Saturday, March 31, 2018

Secrets for Successful Start up CEOs

A start up CEO needs a different skill set than a growth CEO or a steady state CEO.  In most respects it is a harder role.  Recently I was asked for advice.  I have found it very difficult to know what to advise - all start ups are different.  And by nature - entrepreneurship is uncertain and there is no one right answer.

Some rules and secrets on how to deal with things:

1 - You have no money.  What if the office needs vacuuming?  You vacuum it.  What if you do not have a vacuum at the office?  You bring it from home.  What if you have none at home?  You borrow it.   Ironically, the highly frugal times will be the fond memories (I recall sleeping in my car to save the motel bill, I always took food, never bought tea or coffee since they are low cost to make etc)

2 - Should you spend time on vision?  NO.  Vision is just something you wake up thinking about and think about on the treadmill and while driving.  Time needs to be spent doing.

3 - Who sells?  You do.  Partly because you need the sales but partly because you need to listen to prospects.  You need to hear what they are saying - figure out what resonates.  More companies fail from low sales than any other thing (close second - overspending - see rule 1 and third - low margin).

4 - No Magical Thinking.  Some CEOs imagine they will raise cash or make sales but they do not do the work to make it happen.  CEOs who succeed do the work.

5 - "Successful people do tough things".  We all like to stick with what we are comfortable with but often what will move us forward faster is doing the uncomfortable, out of our comfort zone tasks.  This requires eliminating excuscitis (We cannot do this until this happens, or this did not happen because that - in the end, the start up CEO is responsible for everything - even what happened to them that seemed out of their control)

6 - There is no serial.  Successful start up entrepreneurs do things in parallel.  Be a juggler. 

7 - Know the big important things.  For most start ups it is cash and sales.  Work on the big important - and deal with the little things in the gaps.  This ties to time management and is likely why I wrote my first book.  I struggled with the juggling so had to devise systems to deal with the volume.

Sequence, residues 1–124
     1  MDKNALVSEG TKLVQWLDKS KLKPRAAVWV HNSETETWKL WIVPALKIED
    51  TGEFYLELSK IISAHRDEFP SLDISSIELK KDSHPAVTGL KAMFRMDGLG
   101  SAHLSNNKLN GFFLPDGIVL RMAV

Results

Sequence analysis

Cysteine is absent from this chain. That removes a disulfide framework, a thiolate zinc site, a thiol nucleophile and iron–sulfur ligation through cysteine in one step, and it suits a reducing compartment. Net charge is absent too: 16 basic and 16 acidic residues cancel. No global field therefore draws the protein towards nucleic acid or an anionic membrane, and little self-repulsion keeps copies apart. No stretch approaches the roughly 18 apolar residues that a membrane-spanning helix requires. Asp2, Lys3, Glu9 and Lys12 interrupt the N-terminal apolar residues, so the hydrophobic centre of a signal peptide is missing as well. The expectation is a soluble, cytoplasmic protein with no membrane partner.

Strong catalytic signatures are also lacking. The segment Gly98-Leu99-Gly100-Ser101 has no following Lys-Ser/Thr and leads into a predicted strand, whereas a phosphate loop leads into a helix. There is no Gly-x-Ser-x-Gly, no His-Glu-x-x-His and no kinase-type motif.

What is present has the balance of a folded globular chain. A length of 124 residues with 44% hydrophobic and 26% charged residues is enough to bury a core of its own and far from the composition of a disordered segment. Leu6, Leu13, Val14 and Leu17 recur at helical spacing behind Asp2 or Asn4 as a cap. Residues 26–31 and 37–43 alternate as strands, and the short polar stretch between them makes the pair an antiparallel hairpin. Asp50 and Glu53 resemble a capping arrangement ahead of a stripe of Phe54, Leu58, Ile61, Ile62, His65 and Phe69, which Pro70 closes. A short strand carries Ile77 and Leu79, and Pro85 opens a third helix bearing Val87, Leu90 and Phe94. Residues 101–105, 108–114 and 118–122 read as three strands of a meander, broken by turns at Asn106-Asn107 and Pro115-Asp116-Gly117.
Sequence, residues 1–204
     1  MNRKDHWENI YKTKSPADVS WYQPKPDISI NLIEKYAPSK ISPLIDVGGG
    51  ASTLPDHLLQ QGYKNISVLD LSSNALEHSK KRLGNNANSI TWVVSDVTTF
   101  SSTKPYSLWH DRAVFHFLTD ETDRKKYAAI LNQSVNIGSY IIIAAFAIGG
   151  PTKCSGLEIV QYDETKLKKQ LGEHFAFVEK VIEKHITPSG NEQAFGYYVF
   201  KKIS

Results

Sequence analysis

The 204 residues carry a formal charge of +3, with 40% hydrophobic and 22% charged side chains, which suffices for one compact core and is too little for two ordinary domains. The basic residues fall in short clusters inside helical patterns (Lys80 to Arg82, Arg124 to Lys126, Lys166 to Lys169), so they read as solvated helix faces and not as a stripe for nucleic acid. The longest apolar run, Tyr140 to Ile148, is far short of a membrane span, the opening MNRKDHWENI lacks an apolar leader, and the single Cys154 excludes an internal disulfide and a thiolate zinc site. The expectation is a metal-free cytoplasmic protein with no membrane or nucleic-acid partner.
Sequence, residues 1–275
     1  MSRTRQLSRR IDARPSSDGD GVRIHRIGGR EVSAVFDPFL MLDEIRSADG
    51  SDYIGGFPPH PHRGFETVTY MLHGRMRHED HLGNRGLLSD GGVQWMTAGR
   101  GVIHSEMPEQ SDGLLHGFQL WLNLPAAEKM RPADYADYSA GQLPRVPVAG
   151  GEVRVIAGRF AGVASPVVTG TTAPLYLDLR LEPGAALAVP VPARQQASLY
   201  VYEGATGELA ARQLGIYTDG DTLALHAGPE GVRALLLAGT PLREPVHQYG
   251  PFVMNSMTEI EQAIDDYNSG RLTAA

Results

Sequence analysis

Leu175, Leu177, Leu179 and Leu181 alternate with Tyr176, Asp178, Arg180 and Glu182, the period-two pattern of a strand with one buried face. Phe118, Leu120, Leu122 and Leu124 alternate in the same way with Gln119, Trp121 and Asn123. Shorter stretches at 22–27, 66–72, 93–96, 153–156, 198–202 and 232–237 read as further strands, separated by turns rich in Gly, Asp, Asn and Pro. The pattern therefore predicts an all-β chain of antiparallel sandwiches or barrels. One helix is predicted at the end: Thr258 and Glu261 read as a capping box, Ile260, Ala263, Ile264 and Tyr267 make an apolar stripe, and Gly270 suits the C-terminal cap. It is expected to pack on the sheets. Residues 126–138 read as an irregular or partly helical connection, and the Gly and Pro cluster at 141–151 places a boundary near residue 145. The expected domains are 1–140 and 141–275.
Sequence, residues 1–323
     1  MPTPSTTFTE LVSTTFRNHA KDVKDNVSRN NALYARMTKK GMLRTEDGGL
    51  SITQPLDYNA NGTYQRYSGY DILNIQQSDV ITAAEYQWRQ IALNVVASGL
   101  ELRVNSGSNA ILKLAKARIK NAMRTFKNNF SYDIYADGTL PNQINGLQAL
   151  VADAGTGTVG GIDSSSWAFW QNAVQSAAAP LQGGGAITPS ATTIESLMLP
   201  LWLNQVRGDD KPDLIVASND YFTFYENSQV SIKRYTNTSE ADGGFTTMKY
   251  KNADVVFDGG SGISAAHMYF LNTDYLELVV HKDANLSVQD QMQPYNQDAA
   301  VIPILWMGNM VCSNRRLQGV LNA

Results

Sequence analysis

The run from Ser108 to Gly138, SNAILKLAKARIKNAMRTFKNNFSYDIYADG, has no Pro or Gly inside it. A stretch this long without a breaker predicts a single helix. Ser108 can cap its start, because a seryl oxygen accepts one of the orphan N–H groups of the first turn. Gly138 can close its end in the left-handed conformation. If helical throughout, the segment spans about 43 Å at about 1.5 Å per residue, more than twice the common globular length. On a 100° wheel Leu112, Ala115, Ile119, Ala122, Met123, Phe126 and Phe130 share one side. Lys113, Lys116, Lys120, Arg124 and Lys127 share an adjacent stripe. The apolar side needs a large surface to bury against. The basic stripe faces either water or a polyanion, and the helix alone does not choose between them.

8 - Study and learn but filter advice and what you read/watch/get coached on.  I see many start up CEOs fail because they think they know it all.

9 - Your title is janitor/receptionist/sales person/order picker/shipper/customer service/accountant/collection clerk/delivery driver etc.  Do not fall in love with title.  Many start up CEOs like the title but not the work it takes to build a company.  If you want to be more than these titles - make money so you can build a company to do some of the other tasks.

It is all about being effective.  This is the focus. 

Sunday, March 11, 2018

Clocks and Life Forward

I had a wasted day yesterday.  Or perhaps a better way of looking at it was I relaxed and recharged.  One article I read (while wasting time reading) was on how much time we waste reading and how so much of it is pointless.

I do know reading politics these days is stressful (even though I do not do politics) and mostly pointless.

I have never been more excited by what we are doing at Danby Appliances.  We have a lot of innovation happening.  One new product is the Danby Fresh herb grower - an appliance that allows people to grow wheat grass, cilantro, parsley, lettuce, basil etc indoors all year.  And a great plant starter.

Being excited by work is one of the best ways to have energy.
Here is an interesting NPR article on job automation.  The job issue is a complex one.  I believe in the value of work and the respect that comes from being able to earn a living.  I also believe in free markets.

I like the gig economy (things like Uber, AirBnb) that allows people to earn extra money.  I worry though when those are the only jobs people have and can they get by on those.

And in the end, I believe in entrepreneurship and think people should be allowed to start and run businesses.


In the spirit of moving the clocks forward, I thought I would share this article on sleep.  One of the regrets I have from my first book on Time Leadership is I suggested sleeping less was a good idea for productivity.  I now disagree with that.

I like new years.  I reflect and change.  Clock change time is also a good time for that.  I reflect on what habits (good and bad) I have and changes needed.  I work out quite a bit but am thinking I could always up my game.  Sitting here blogging might be my way of avoiding getting to the gym (although I am dressed to go and all packed which is one of my tricks to make it happen)

And a book suggestion  - American Kingpin, The Epic Hunt for the Criminal Mastermind Behind the Silk Road – Nick Bilton

I found it to be a page turner.

Hopefully not to give you business ideas - but just for interest. 

From a trip a while ago - my grand daughter - Tabitha.